Thirty years ago this month, I packed up my loft apartment in Adams Morgan(D.C.), loaded into the U-Haul and drove to Boston. Getting into MIT had been a dream, then a goal, and finally a reality. It changed my stars. It was also the end of the first 30 years that it took me to get there and it opened the door to the last almost 30 years.
August 1 will be the first day in 12 years that Trinity Works has not been housed at 2128 Mistletoe Boulevard in Fort Worth. First a huge thank you to Dwight and Lore Mitchell for allowing us to expand and contract in and out of space as projects have been started and executed. Secondly, a huge thanks to Libby, my wife, partner, general contractor, logistician and fellow traveler and to the four Manning boys who have served as custodial staff, assembled more IKEA furniture and hauled more stuff than could be imagined. Finally, to Anya Cost who has managed the circus, kept the overhead low and never missed a detail.
The space has hosted the business but also launched a PAC which changed a School Board, grew a booster club, helped get a field and field house built, served as an after hours yoga studio, and has been a remarkable place for collaboration that is changing the face of our community.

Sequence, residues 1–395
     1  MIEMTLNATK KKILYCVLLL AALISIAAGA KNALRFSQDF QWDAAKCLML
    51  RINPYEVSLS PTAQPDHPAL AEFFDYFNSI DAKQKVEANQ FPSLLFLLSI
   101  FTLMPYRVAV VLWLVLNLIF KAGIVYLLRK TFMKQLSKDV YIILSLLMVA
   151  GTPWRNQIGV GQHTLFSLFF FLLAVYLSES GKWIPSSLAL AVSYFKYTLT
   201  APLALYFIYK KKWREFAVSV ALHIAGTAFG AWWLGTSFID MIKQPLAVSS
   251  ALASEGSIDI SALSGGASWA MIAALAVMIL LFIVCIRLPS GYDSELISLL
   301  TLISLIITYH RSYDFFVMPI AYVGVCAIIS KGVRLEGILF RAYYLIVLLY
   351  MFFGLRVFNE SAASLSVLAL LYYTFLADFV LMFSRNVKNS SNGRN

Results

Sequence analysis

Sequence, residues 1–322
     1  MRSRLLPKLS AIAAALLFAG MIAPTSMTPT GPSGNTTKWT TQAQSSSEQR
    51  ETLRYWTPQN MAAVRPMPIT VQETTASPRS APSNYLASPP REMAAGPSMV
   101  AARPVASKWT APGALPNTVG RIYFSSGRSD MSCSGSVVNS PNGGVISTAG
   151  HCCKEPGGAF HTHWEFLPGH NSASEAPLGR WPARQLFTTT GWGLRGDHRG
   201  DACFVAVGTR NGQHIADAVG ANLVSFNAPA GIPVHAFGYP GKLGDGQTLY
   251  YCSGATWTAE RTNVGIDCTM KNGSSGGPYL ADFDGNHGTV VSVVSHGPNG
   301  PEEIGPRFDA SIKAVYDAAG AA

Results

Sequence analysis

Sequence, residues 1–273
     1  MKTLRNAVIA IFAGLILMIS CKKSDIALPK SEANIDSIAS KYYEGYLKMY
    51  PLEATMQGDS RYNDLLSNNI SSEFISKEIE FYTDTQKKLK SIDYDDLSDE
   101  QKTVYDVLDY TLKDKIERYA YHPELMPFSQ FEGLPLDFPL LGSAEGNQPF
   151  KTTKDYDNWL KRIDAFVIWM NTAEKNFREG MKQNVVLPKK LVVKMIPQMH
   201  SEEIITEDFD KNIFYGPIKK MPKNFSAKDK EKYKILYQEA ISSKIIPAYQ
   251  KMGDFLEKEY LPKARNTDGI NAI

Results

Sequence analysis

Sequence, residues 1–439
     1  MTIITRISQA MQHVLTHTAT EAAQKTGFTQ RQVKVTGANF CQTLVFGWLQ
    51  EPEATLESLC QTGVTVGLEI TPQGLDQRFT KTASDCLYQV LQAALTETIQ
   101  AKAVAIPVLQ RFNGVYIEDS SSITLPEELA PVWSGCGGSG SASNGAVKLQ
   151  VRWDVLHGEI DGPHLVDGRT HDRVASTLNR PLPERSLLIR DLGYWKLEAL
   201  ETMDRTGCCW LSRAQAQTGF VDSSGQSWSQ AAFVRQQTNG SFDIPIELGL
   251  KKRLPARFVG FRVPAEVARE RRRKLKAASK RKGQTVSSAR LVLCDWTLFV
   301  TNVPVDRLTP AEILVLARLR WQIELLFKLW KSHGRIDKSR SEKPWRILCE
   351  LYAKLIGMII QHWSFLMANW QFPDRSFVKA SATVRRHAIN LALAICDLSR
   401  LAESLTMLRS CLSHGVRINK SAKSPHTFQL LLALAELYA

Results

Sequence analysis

One of my site selection criteria in 2006 was that the office would be less than a mile from the house. It was great for having kids at Lily B Clayton and Paschal. It always got me in walking shape for Scout adventures to Philmont and for Jamborees, and was part of the therapy for two hip replacements. (I did set a record by turning in a sub 16 minute mile on a walker). The back and forth has also enabled me to watch the neighborhood transition over the last 12 years. I love seeing the young families with kids everywhere and always love to see the activity outside the back door at the park. The Easter Egg hunt is an all-time favorite.
Like everything else in life, what made the space sing were the characters who passed through the doors. We have had some remarkably talented characters who called it home, and some character’s characters that have come to see us. If the walls could only talk, it would be quite a story.
So, as we close the doors and turn out the lights for the last time, to embark on the next adventure for the next 30 or so years, or whatever time we are blessed to have left, let’s close with this:
“Now is not the end. It is not even the beginning of the end. But it is, perhaps, the end of the beginning”